Call For Submissions: anti-conference at Johns Hopkins Deadline June 20th
Anti-Conference Conference: Undermining the Reproduction of Privilege, CfP
A transdisciplinary biannual graduate conference organized by the German section of German and Romance Languages and Literatures Department of Johns Hopkins University
December 1st and 2nd 2017 – Baltimore, MD
This conference addresses the shapes resistance takes within and without institutions, in literature, and examines the ways in which the academy participates in the perpetuation of privilege both within its own domain and outside it. We are interested in how all aspects of work carried out in relation to the institutions and their canons, literary or otherwise, can be complicit in and/or subvert the reproduction of injustice. Hence the conference will attend to the modes of such reproduction but also endeavor to subvert them.
Thus, we invite everyone from all walks of academic and activist life and anyone else interested to submit papers or projects that speak to these themes. Utopian, queer, feminist, postcolonial, indigenous and revolutionary visions of un-doing, resisting and transforming institutional/ university/canonical structures, as well as scholarly analysis of these problems in literature are welcome.
For our part, we will endeavor to organize the conference in ways that undermine the ivory tower by inviting also those normally silent in universities to speak in round tables, and to provide travel support, particularly to those not funded by institutions. In place of networking cultures that promote the few for an ever-waning job market, we hope to facilitate collaboration, co-operation and solidarity.
Possible topics include but are not limited to:
-Histories, presents, and futures of resistance and activism within and on the margins of universities and how they are narrated in any and all genres from film to poetry, literature, criticism, theory, etc.
-Personal and professional relations in and outside the classroom among students, graduate and undergraduate, professors, administrators, workers, adjuncts, etc. (love, dependence, crush, competition, struggle, theft, cooperation, unlearning, discrimination and so on).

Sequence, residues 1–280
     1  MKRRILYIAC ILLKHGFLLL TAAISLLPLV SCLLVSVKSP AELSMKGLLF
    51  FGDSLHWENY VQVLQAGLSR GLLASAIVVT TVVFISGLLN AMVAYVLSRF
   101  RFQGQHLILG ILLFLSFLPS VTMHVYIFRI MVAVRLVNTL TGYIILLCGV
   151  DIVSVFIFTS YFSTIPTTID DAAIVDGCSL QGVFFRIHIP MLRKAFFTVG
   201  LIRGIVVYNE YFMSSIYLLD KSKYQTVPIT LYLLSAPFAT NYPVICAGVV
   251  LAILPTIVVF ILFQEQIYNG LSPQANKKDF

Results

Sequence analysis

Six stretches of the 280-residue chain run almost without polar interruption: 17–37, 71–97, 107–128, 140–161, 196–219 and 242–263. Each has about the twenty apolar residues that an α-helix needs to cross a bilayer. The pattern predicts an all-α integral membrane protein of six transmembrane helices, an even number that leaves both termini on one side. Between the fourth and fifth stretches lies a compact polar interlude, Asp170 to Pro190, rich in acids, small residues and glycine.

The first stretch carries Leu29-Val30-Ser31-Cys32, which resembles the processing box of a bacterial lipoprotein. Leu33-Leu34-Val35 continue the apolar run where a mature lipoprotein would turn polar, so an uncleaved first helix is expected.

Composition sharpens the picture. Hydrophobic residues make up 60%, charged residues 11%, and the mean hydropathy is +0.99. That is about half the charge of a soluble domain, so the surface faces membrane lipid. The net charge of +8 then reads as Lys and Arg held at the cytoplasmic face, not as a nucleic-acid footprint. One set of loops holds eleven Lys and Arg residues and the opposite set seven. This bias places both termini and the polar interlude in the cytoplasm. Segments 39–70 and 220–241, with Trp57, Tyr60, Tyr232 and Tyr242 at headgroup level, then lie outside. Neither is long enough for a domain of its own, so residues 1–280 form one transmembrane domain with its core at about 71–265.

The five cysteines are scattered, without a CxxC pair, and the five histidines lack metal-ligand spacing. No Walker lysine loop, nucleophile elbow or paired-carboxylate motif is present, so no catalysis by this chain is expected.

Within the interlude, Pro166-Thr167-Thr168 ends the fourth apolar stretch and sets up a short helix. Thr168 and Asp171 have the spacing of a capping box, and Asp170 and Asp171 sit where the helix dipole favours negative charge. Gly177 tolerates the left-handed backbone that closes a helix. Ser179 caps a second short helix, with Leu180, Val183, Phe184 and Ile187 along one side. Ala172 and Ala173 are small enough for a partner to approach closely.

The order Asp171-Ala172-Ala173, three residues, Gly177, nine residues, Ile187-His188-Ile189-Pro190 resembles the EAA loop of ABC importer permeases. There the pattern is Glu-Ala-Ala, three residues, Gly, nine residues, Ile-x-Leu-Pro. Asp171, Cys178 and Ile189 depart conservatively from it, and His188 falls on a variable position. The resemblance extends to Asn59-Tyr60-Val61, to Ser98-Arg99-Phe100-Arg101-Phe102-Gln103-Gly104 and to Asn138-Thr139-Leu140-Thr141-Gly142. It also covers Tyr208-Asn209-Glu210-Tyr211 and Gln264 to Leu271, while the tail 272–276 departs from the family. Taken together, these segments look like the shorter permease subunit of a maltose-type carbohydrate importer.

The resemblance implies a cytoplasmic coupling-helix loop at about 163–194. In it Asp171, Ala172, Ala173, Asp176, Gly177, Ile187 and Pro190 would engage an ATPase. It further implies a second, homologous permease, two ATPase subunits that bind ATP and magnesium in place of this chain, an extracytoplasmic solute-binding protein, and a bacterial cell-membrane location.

-Literary resistance to canonical texts, genres and traditions inside and outside these categories.
-Feminist, queer, anti-racist readings of the literary canons.
-Trends of uniformization in the academy through publishing and the tailoring of academic work to the job market.
-The illusion of academic mastery, standards of knowledge production and visions of more just places of learning: utopian and revolutionary fantasies, real dreams.
-Feminist, queer, postcolonial, indigenous and other minoritized studies methodologies and knowledges.
-In order to welcome formats that deviate from the traditional academic muster, we encourage other approaches (fictional-or-not) such as epistolary texts, creative and/or poetic projects, participatory/interactive presentations based on audience involvement, etc.
Here is a suggestion for/from a Germanistic and comparativist epistolary route:
Letters across Time/Space
“No poem is intended for the reader, no picture for the beholder, no symphony for the audience.” With this sentence, Benjamin ends the first paragraph of “The Task of the Translator.” And letters? This conference presents a slightly different fictional format. Taking the cue from Benjamin’s Deutsche Menschen, we ask the participants to briefly introduce a letter (any letter written related to a German-speaking tradition, or not) they pick from epistolary or other sources and respond to it in the form of another letter they write either from the standpoint of today or any other time, with their own or anyone else’s ‘I’. The format is only as rigid as required to offer a free play space. The aim? To listen, to read.
Co-authored works are welcome.
Some possible letters (‘fictional’ or ‘real’) include but are not limited to:
Any letter from an epistolary, such as Marx/Engels, the Schlegel brothers, Schiller/Goethe, Abelard & Heloise; Goethe’s Werther or Hölderlin’s Hyperion; the poem “An den Ritter aus Gold” by Else Lasker-Schüler addressed to Hans Ehrenbaum-Degele; Campana’s letter to Prezzolini, January 6th, 1914; the ‘train letter’ of Hannah Arendt to Martin Heidegger from September 1930; letters from political or ‘criminal’ prisoners; letters sent during migration times, past immigrations, current emigrations; letters of resistance fighters (any sort); any letter from Mary Shelley’s Frankenstein; Walser’s imaginary letters; Nina Simone’s “Pirate Jenny” (Brecht/Weill); Samuel Morse’s telegram on May 24th, 1844; Gershom Scholem’s open letter to Hans Joachim Schoeps, published on August 15th, 1932; any of St. Paul’s letters in the New Testament; David Bowie’s “Space Oddity,” “Rebel Rebel,” Virginia Woolf’s last letter to Leonard; Kafka’s letters; any of Derrida’s cards in the Postcard; Van Gogh’s letters to his brother Theo; Baldwin’s The Fire Next Time; Arthur Rimbaud’s ‘letter of the visionary’ to Paul Démeny, May 15th, 1871; Ovid’s Heroides; any letter from the epistolary between Ophelia Queuroz and Fernando Pessoa or Scheerbart’s 70 Schmoll- und Liebesbriefe des Dichters an seine Frau; letters from Rilke, Kleist, Gramsci, Kant, Rousseau, Freud, Shklovsky…
Please email your 300-500 word abstracts by June 20th to
We look forward to your abstracts and hope to communicate acceptance by August 2017.